Pandor confirms SAMIM extension, gives no timeline


Naledi Pandor, the South African government’s senior international relations and co-operation go-to person, told her last media briefing of the year the Southern African Development Community (SADC) Mission in Mozambique (SAMIM) mandate is extended to continue offensive operations against terrorists and violent extremists.

As has become standard, compliance with COVID-19 regulations meant Pandor was a talking head speaking to other talking heads. She told them, among others, South Africa continued “an active role in SADC, working as part of a regional collective and assuming specific responsibilities as assigned through the decision-making structures of the regional body”.

On South Africa’s eastern neighbour where troops and other military musterings from nine countries, eight in the SADC stable, are deployed alongside FADM (Forças Armadas de Defesa de Moçambique) and a thousand strong Rwandan contingent offensively against ASWJ (Al Sunnah wa Jama’ah) terrorists in the northern Mozambican province Cabo Delgado, Pandor did not give any extension timeline. She referred only to SADC deploying a regional co-ordination mechanism “on the operations of SAMIM”.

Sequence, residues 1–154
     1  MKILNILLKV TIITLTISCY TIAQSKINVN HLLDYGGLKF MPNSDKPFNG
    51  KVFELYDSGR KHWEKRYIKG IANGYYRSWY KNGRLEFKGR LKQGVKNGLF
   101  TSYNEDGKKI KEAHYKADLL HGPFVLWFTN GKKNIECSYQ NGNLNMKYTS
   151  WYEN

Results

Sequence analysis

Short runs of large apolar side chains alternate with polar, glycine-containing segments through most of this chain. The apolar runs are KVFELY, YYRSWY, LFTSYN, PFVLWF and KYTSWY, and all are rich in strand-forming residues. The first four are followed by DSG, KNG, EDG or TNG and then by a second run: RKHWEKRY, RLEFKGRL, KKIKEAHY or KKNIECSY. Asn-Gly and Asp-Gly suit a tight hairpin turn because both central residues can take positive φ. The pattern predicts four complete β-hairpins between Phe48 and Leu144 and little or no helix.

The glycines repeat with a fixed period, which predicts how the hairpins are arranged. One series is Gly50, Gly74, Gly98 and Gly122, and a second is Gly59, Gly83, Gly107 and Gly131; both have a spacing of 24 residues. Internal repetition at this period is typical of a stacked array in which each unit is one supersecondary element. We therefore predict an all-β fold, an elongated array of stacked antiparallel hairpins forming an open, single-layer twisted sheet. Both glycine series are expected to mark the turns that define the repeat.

The last extraordinary summit of the SADC Troika in Pretoria in October approved the extension of SAMIM “to continue with offensive operations against terrorists and violent extremists to consolidate the stability of security and create an environment conducive for resettlement of the population and facilitate humanitarian assistance operations and sustainable development”.

In the Botswana capital Gaborone, SADC executive secretary Elias Magosi told a senior Botswana cabinet minister the SADC region remains “calm, stable and peaceful” and where challenges exist they are addressed through existing structures. His comments follow a courtesy call on Botswana Finance and Economic Development Minister Peggy Serame.

Botswana, one of eight SADC countries contributing military equipment and personnel to SAMIM, would continue ensuring the regional bloc remained “relevant”. This, according to Serame, includes working to achieve the “principles, ideals, values, goals and aspirations envisioned by the forefathers during the formative years (of SADC)”.